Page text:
Big data

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It is important due to its applications in many fields(as given below).

Basics of the ‘Big Data’

Big data is a term for data sets that are so large or complex that traditional data processing application software is inadequate to deal with them. Big data challenges include capturing data, data storage, data analysis, search, sharing, transfer, visualization, querying, updating and information privacy.

The data could be from social networks, web server logs, traffic flow sensors, satellite imagery, broadcast audio streams, banking transactions, MP3s of rock music, the content of web pages, scans of government documents, GPS trails, telemetry from automobiles, financial market data and so on.

It answers specific questions such as the need of the customers, their opinion and image of the brand

For organisations, analysis of this hidden data may give an insight into things which were previously hidden due to its bulk and the subsequent cost required for its process. This is done by collecting, organizing and analysing large sets of data to discover patterns and other useful information.

For instance, analysis of shoppers’ transactions, social and geographical data gives the analyst knowledge about peer influence on customers, greatly reducing the time that would otherwise require for sampling followed by extensive investigations.

It also enables new products and services, by combining a large number of signals from a user’s actions and those of their friends, Facebook has been able to craft a highly personalized user experience and create a new kind of advertising business.

With the right big data analytics platforms an enterprise can boost sales, increase efficiency, and improve operations, customer service and risk management.

One of the fundamental reasons for opposition of Big Data is centered on privacy since massive amounts of personal data is collected and analysed without a consideration to the person in question.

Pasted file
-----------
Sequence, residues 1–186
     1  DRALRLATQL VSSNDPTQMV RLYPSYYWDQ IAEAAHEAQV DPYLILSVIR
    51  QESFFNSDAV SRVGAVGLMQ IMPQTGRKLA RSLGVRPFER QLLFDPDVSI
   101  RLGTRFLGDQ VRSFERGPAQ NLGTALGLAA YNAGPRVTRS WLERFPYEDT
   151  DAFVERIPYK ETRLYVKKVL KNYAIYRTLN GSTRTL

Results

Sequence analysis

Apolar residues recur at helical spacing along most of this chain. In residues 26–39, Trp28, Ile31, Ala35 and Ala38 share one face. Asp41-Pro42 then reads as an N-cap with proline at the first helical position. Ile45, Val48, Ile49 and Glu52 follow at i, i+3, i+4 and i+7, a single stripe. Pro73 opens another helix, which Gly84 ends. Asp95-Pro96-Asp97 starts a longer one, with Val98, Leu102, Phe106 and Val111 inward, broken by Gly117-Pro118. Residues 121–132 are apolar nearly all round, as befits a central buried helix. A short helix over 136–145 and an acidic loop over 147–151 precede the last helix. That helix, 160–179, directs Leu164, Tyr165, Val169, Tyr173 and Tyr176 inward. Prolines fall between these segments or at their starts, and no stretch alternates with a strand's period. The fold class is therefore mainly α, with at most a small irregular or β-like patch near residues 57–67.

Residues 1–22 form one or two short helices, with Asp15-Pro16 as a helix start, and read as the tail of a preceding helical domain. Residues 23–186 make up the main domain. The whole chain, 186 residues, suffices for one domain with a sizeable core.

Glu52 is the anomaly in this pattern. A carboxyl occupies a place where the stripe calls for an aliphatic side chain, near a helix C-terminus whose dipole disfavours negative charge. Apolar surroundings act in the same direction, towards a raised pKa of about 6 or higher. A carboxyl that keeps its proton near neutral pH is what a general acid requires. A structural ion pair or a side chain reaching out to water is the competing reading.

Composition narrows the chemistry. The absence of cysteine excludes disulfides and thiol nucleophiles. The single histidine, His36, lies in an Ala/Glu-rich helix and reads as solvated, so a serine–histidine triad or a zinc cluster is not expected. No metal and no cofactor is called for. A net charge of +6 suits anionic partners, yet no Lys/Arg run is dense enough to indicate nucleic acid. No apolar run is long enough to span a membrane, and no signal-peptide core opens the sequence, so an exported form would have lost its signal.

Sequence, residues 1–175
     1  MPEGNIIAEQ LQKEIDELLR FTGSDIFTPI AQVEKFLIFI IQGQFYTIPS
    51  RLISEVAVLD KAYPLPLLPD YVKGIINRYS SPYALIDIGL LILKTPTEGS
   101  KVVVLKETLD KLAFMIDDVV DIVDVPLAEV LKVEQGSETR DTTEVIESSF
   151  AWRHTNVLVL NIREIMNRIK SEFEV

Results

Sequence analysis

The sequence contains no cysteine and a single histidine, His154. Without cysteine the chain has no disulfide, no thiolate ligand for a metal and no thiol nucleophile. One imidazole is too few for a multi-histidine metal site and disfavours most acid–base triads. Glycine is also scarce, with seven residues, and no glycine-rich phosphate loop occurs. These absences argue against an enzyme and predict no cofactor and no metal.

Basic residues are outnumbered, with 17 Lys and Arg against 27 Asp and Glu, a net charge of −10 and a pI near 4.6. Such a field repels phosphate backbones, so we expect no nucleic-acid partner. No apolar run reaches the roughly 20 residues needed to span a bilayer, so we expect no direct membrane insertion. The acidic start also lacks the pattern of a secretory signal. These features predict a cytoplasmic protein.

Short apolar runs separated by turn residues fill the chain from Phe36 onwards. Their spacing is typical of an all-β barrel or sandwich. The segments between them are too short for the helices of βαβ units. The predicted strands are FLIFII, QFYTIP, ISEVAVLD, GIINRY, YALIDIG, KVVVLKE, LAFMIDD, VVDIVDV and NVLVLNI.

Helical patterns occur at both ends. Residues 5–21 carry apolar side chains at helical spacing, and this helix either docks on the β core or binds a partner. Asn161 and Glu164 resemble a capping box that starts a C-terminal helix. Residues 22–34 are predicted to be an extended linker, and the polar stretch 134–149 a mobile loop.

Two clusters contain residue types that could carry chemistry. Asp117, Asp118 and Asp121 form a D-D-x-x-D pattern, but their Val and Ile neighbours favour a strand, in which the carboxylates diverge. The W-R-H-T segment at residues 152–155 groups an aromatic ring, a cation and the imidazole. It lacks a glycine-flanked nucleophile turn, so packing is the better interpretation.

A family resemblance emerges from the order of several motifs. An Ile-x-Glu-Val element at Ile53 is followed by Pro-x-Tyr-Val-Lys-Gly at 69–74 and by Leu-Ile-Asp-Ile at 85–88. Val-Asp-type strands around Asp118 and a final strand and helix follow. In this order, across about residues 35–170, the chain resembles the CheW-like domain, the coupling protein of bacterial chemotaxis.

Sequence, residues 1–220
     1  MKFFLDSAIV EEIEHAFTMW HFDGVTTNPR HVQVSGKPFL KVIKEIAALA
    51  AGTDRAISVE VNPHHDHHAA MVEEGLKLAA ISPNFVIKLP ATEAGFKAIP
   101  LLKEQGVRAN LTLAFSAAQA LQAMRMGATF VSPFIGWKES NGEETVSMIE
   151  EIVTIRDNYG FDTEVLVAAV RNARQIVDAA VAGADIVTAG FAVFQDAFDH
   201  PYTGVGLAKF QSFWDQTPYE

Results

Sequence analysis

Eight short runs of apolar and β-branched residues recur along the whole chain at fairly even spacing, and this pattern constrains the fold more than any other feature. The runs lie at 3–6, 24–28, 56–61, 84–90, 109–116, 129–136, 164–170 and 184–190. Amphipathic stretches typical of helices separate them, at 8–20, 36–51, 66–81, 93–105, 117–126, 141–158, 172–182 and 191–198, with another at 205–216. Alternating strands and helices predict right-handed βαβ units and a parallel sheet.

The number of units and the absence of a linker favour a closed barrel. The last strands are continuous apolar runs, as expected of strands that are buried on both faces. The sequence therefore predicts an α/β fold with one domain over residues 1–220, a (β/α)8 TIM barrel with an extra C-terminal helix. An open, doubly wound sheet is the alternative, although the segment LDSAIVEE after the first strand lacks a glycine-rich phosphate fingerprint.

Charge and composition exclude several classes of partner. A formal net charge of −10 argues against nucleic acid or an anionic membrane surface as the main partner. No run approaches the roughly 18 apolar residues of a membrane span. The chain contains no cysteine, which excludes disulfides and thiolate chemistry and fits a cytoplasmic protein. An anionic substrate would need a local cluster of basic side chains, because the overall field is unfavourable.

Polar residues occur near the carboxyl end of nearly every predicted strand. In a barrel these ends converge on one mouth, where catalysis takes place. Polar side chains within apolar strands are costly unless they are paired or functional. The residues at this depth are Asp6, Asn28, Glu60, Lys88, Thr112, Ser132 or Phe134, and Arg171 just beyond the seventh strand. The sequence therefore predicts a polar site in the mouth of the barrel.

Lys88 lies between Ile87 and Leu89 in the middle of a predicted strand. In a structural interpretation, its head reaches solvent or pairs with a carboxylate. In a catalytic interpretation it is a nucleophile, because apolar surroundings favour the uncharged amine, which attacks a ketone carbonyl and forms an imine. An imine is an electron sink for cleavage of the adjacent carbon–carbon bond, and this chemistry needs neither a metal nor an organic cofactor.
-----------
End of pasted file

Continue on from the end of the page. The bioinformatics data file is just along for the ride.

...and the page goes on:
The large volume of information being collected may be used by finance companies to personalise various schemes for maximisation of their benefits thereby leading to indiscrimination against a certain group of people.

Applications based on ‘Big Data’ Technology

Seed Selection – Big-data businesses can analyse varieties of seeds across numerous fields, soil types, and climates and select the best.

Crop disease – Similar to the way in which Google can identify flu outbreaks based on where web searches are originating, analysing crops across farms helps identify diseases that could ruin a potential harvest.

Irrigation – Precision agriculture aids farmers in tailored and effective water management, helping in production, improving economic efficiency and minimising waste and environmental impact.

Weather – Advanced analytics capabilities and agri-robotics such as aerial imagery, sensors help provide sophisticated local weather forecasts can help increasing global agricultural productivity over the next few decades.

Climate change –  Since, climate change and extreme weather events will demand proactive measures to adapt or develop resiliency, Big Data can bring in the right information to take informed decisions.

Food processing – They help in streamlining food processing value chains by finding the core determinants of process performance, and taking action to continually improve the accuracy, quality and yield of production. They also optimise production schedules based on supplier, customer, machine availability and cost constraints.

Loss control – In India, every year 21 million tons of wheat is lost, primarily due to scare cold-storage centres and refrigerated vehicles, poor transportation facilities and unreliable electricity supply. Big Data has the potential of systematisation of demand forecasting thus reducing such losses.

Pricing – A trading platform for agricultural commodities that links small-scale producers to retailers and bulk purchasers via mobile phone messaging can help send up-to-date market prices via an app or SMS and connect farmers with buyers, offering collective bargaining opportunities for small and marginal farmers.

How can it be a Challenge?

The challenges and opportunities of data is immense in a country like India with 638,000 villages and 130 million with 140 million hectares of cultivable land under 127 agro climatic regions capable of supporting 3,000 different crops and one million varieties.

Self-driven vehicles can already drive themselves across fields using Global Positioning System (GPS) signals accurate to less than inch of error thus helping farmers plant more accurately.

But the real potential is what happens when this data from thousands of tractors on thousands of farms is collected, grouped and analysed in real time.

There is need to formulate a business model wherein value can be captured from the scale of data being captured by different players in the agri-supply chain.

Companies must act now to focus, simplify and standardise big data through an enterprise-wide data management strategy.


Q.) The age of Big Data, the growing pervasiveness of Aadhaar, and the government’s push towards a cashless and digital economy has led to a re-emergence of interest in privacy and data protection in India. In your opinion, what are the key elements that should drive the design of a privacy law (when it is actually enacted), or laws that have an impact on privacy? Discuss.

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